Depending on how the next decade or so unfolds, Charlotte “Charli XCX” Aitchison could conceivably go down as one of the most important figures in 21st Century pop history. Having signed to Atlantic records as a teenager, XCX has charted one of the most surprising career paths for anyone signed to a mainstream label. Having begun as a reliable creator of bubblegum pop, she’s since become one of the most compelling and consistently left-field artists in her genre – a founder of the distinct, polarising hyperpop genre. On her final album under the Atlantic label, she pulls yet another surprising move – this time by opting for an all together more conventional sound.
Aitchison has described Crash as her sellout, top-40, commercial pop album – perhaps intended as a final farewell to the sounds that made her before permanently moving onto the weirder and wilder. It’s hard to imagine, however, any of these songs fitting neatly on the upper echelons of the charts – and one has to wonder if Aitchison knew this from the get go. At the album’s best, these songs are too idiosyncratic to enter into the mainstream, at their worst, it’s because they’re frankly too dull. “Every Rule” tells an age old tale of wrong-place-wrong-time, but reads ultimately as a dreary homage to mid-00s adult-contemporary, a la Celine Dion. The NSFW “Baby” aims to be a classic sex-anthem but lacks the required lyrical follow-through and vocal commitment, while missing the lush sonic pallet that has defined the best recent songs in this vain – Doja Cat and SZA’s “Kiss Me More”, Ariana Grande’s “Positions”.
Crash bristles along, unencumbered – ultimately clocking in at an economic 33 minutes – and thankfully contains more highs than low. These are songs written with foot in the past and one in the future; the sounds of vintage pop and House subtlety revamped. Crash is the work of someone who before anything else, is first and foremost a pop music fan – even in it’s weaker moments, it’s clear these songs were crafted with a great deal of love and attention to detail.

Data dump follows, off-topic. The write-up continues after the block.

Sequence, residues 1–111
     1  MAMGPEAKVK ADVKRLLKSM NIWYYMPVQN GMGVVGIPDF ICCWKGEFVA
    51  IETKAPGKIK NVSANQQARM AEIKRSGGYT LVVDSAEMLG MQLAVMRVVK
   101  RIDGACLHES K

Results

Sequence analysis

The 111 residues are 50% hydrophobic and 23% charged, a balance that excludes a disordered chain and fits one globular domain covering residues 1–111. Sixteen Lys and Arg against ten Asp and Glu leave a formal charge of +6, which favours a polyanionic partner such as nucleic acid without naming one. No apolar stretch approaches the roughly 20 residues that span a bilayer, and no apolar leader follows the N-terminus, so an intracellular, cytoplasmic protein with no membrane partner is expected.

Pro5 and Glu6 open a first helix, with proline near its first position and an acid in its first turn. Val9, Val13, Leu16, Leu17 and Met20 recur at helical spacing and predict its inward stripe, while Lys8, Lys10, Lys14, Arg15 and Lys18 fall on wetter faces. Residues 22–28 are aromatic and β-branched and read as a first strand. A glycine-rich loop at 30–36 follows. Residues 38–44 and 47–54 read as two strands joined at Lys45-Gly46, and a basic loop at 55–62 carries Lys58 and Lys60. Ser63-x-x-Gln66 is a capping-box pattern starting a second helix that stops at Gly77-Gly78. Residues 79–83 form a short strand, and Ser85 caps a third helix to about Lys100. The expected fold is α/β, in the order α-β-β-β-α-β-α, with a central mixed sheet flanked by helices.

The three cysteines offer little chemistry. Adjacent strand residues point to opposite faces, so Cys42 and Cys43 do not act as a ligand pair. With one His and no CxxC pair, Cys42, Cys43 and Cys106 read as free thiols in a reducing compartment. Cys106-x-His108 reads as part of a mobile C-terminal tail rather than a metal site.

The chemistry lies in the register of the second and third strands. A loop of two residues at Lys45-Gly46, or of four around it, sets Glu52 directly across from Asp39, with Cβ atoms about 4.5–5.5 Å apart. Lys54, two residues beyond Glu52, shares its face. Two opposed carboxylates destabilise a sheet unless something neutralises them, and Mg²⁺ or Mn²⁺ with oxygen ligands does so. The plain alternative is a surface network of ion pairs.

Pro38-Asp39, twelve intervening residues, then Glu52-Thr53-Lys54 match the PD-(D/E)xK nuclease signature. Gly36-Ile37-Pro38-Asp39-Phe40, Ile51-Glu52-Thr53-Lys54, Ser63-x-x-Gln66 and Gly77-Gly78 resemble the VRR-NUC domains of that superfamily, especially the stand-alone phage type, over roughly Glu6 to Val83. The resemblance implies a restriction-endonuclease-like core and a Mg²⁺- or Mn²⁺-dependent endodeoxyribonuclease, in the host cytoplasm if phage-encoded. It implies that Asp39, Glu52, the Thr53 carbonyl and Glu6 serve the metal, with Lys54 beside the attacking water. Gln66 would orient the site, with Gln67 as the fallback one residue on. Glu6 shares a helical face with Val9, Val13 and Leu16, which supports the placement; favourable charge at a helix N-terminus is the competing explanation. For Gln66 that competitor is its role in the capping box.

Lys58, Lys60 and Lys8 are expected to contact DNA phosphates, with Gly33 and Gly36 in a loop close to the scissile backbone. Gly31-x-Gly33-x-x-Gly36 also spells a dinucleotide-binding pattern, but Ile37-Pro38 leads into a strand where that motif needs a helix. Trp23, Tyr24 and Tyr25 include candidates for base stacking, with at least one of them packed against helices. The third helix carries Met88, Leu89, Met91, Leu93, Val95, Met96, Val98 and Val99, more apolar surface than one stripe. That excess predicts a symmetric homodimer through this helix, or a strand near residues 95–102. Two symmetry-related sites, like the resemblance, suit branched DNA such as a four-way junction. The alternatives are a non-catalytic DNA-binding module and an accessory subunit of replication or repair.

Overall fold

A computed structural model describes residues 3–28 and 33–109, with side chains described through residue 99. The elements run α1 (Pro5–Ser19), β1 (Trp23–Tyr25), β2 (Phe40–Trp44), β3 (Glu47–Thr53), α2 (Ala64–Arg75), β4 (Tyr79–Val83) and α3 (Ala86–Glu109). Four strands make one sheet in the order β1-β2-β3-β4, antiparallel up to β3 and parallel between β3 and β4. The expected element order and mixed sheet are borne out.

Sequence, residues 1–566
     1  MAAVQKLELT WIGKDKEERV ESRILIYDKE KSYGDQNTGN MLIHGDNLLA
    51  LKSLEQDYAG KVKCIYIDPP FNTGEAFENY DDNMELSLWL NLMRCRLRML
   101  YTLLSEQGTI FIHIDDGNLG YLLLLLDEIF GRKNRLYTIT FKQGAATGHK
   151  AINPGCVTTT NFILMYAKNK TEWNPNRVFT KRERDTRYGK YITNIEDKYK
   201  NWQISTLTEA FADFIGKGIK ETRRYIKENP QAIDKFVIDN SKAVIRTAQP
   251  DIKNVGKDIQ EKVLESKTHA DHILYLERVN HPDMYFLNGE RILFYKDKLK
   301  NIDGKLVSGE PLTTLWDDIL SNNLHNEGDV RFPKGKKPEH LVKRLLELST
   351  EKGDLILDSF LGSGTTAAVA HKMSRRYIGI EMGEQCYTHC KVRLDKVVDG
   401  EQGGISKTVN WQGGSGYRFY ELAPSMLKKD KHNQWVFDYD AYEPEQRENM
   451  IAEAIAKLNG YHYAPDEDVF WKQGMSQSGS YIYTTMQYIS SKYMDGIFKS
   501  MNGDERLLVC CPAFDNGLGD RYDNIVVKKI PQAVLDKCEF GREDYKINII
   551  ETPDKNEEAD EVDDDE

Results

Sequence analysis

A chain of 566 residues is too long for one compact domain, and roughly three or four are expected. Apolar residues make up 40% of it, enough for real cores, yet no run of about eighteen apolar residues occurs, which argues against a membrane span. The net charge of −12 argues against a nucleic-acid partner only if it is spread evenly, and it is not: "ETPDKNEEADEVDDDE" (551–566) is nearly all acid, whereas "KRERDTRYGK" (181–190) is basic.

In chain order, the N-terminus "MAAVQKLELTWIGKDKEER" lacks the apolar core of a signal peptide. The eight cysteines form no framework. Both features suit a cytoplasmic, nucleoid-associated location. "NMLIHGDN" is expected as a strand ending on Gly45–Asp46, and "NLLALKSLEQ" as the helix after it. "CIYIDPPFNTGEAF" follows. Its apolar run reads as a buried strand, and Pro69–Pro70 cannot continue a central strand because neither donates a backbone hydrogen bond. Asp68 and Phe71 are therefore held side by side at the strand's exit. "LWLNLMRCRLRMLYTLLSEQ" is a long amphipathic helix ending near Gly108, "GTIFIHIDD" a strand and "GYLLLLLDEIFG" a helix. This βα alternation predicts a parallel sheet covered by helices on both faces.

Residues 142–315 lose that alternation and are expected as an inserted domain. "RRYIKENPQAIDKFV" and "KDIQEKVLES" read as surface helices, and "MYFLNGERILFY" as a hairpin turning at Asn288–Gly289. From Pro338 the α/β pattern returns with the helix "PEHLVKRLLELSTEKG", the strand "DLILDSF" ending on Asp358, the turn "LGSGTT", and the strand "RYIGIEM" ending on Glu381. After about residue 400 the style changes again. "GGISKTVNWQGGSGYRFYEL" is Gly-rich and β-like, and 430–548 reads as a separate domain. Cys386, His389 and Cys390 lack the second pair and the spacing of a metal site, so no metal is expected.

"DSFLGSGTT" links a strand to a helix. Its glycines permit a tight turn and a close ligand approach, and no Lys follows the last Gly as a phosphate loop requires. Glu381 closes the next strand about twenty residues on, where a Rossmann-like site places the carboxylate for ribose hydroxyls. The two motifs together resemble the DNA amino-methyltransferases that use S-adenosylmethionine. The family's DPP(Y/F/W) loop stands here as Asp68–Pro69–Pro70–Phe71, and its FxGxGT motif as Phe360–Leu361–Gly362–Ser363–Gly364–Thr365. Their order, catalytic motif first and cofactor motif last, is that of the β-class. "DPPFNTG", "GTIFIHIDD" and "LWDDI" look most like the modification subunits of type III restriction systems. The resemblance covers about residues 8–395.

Highlights are scattered across Crash – the delightful, Lily Allen esque “Yuck” comes in the album’s final third, while the appropriately moving “Move Me” – which evokes both Tove Lo and Tove Styrke simultaneously – arrives at the album’s half-way point.
The best two songs here, however, happen to be the first two. Opener “Crash” is a bold statement of intent; painting a fatalistic tale of demise against fittingly intense arrangements – including an addictive drum fill between verses. “New Shapes”, meanwhile, sees Aitchison team up with Christine and the Queens and Caroline Polachek; effortlessly achieving synergy between their alternating alternative styles. It’s a fitting feat for someone whose music has become a salve for the margin-dwellers – for those too big and too bold to fit into society’s existing constraints. The song – which of all the album’s 12 tracks, comes closest to replicating her experimental signature sound – tells of three people excruciatingly contorting themselves to conform to a partner’s desires. In the final chorus, they join forces all at once for the first time, to liberate themselves from their self-imposed shackles. “What you want / I ain’t got it”, they cry – a fitting mission statement on an album that refuses to conform to expectations.
Best Tracks: “Crash”, “New Shapes”, “Move Me”, “Yuck”
Worst Tracks: “Beg For You”, “Every Rule”, “Twice”